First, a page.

This Summer Has Changed NBA Free Agency Forever

There have been many new trends during this year’s free agency that may change how NBA teams approach free agency forever

Spencer Young
Jul 17, 2019 · 5 min read
Is New York City being replaced by Brooklyn as the #1 basketball city in New York? Via, a free-use resource (Link)

For as long as the NBA has existed, there has always been one consistent issue: teams in larger markets have always had an advantage over teams in smaller markets. This issue has been most pronounced during free agency, because top-NBA players often leave the team that drafted them to go to teams in larger markets. This issue will never be fully solved because popular cities like New York, Los Angeles, and Miami will always be more desirable than quieter cities like Indiana and Oklahoma City. Also, teams with a prestigious history like the L.A. Lakers or Boston Celtics have always had an advantage over newer, less prestigious franchises. However, as this year’s free agency period has shown, there are new trends in the NBA that will help alleviate this issue.

By the time free agency began, basketball fans everywhere had been speculating where the top free agent stars would land. In particular, fans of the New York Knicks had been patiently waiting for months, intrigued by the possibility of Kevin Durant and Kyrie Irving teaming up in Manhattan. Also, when news broke that reigning Finals MVP Kawhi Leonard was seriously considering the Los Angeles Lakers, Lakers fans were instantly fascinated by the now very real possibility of a “Big Three” of Leonard, LeBron James, and Anthony Davis on the Lakers.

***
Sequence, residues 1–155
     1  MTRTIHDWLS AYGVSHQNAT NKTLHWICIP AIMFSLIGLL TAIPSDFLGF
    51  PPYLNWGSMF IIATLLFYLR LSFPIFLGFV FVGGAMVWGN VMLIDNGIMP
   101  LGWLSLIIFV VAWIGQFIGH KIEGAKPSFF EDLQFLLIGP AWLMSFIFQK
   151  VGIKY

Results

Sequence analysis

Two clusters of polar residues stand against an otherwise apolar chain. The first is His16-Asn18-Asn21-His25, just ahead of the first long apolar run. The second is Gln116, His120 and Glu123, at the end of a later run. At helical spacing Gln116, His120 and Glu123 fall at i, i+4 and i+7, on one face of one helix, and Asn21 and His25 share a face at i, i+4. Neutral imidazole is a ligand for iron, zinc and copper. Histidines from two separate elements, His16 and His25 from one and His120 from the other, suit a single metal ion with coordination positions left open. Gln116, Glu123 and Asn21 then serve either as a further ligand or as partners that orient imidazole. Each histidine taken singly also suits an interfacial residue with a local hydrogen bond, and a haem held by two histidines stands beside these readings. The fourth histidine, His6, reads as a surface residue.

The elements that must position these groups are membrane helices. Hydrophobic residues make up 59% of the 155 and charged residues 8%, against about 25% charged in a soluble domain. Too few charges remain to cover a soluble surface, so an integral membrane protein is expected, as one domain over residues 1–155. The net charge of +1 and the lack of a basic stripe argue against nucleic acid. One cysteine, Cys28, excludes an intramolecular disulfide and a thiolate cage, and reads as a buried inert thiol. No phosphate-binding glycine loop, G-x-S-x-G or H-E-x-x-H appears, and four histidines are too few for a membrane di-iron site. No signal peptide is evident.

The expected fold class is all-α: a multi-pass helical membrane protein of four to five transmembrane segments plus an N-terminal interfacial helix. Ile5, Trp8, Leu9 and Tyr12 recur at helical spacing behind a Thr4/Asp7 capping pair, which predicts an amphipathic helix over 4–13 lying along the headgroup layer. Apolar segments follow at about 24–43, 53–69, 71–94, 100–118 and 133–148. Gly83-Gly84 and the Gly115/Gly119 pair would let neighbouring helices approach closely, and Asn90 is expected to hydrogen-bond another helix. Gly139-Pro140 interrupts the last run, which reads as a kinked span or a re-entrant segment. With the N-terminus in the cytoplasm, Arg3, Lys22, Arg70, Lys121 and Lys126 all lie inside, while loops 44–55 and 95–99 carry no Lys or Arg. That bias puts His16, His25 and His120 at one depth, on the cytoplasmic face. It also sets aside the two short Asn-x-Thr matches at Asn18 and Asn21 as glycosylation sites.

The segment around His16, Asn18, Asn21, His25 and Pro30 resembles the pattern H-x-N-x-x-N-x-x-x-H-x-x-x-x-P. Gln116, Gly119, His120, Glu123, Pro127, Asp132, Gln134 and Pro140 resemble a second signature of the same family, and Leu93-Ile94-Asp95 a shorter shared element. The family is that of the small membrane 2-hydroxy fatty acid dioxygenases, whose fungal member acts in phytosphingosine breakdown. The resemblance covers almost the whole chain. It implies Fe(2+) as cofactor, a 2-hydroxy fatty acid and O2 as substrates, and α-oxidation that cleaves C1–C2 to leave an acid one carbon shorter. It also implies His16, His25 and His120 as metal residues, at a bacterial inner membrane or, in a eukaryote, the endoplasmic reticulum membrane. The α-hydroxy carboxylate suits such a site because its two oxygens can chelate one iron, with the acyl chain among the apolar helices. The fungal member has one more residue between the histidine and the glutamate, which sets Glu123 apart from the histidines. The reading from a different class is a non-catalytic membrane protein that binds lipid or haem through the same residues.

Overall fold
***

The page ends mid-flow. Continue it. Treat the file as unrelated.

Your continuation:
Instead, the NBA world was put in shock as it was announced that Durant and Irving would be teaming up in Brooklyn and Leonard would be teaming up with Paul George to play for the Clippers, the second basketball team in Los Angeles. The most shocking part of the decisions of Leonard, Durant, and Irving was that they all chose to sign with teams that were considered to be “second fiddles” in their cities. The Nets have always been considered to be inferior as a free agent destination to the Knicks, and the Clippers have always been considered to be inferior as a free agent destination to the Lakers.

Brooklyn shockingly signed both Irving and Durant, causing the New York Knicks to have a disappointing offseason. Via, a free-use resource (Link)

As these free agent decisions have shown, a franchise’s prestige and history matters less to the modern NBA superstar than ever before. With all this being said, there is a reason that the Nets and Clippers became more appealing free agent destinations than their infamous same-city counterparts, and this reason is culture.

Both the Clippers and Nets have made it a point of emphasis to improve their team’s culture on and off the court. Both teams had a combination of young players and veterans. In contrast to the Lakers, the Clippers and Nets never had locker room issues or instances of players consistently complaining over their roles. Also, their front offices had steadiness and stability, something that both the Lakers and Knicks’ front offices struggled with.

Going into the future, teams are likely going to emphasize their culture more than ever in order to make themselves as appealing of a free agent destination as possible. Especially in the case of teams that are in major cities, but lack the prestige of more famous teams, creating and maintaining a good culture is incredibly important for their success in free agency.